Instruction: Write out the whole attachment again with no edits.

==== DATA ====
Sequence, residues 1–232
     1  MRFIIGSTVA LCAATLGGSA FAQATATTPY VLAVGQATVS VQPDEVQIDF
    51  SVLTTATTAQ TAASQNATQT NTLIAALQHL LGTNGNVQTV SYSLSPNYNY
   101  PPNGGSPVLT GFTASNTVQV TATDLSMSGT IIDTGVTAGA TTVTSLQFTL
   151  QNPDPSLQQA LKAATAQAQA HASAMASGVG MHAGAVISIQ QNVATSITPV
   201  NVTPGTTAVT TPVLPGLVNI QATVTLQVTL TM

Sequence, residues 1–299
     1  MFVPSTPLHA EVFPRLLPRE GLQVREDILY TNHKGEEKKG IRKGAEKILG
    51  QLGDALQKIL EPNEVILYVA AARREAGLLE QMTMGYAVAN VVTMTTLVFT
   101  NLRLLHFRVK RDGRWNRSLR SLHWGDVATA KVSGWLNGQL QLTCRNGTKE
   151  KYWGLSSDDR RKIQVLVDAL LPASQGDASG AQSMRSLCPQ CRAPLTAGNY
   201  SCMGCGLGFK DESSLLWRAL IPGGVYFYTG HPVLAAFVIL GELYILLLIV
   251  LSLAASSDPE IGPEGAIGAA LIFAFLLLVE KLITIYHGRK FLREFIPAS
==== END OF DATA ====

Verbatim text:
Sequence, residues 1–232
     1  MRFIIGSTVA LCAATLGGSA FAQATATTPY VLAVGQATVS VQPDEVQIDF
    51  SVLTTATTAQ TAASQNATQT NTLIAALQHL LGTNGNVQTV SYSLSPNYNY
   101  PPNGGSPVLT GFTASNTVQV TATDLSMSGT IIDTGVTAGA TTVTSLQFTL
   151  QNPDPSLQQA LKAATAQAQA HASAMASGVG MHAGAVISIQ QNVATSITPV
   201  NVTPGTTAVT TPVLPGLVNI QATVTLQVTL TM

Sequence, residues 1–299
     1  MFVPSTPLHA EVFPRLLPRE GLQVREDILY TNHKGEEKKG IRKGAEKILG
    51  QLGDALQKIL EPNEVILYVA AARREAGLLE QMTMGYAVAN VVTMTTLVFT
   101  NLRLLHFRVK RDGRWNRSLR SLHWGDVATA KVSGWLNGQL QLTCRNGTKE
   151  KYWGLSSDDR RKIQVLVDAL LPASQGDASG AQSMRSLCPQ CRAPLTAGNY
   201  SCMGCGLGFK DESSLLWRAL IPGGVYFYTG HPVLAAFVIL GELYILLLIV
   251  LSLAASSDPE IGPEGAIGAA LIFAFLLLVE KLITIYHGRK FLREFIPAS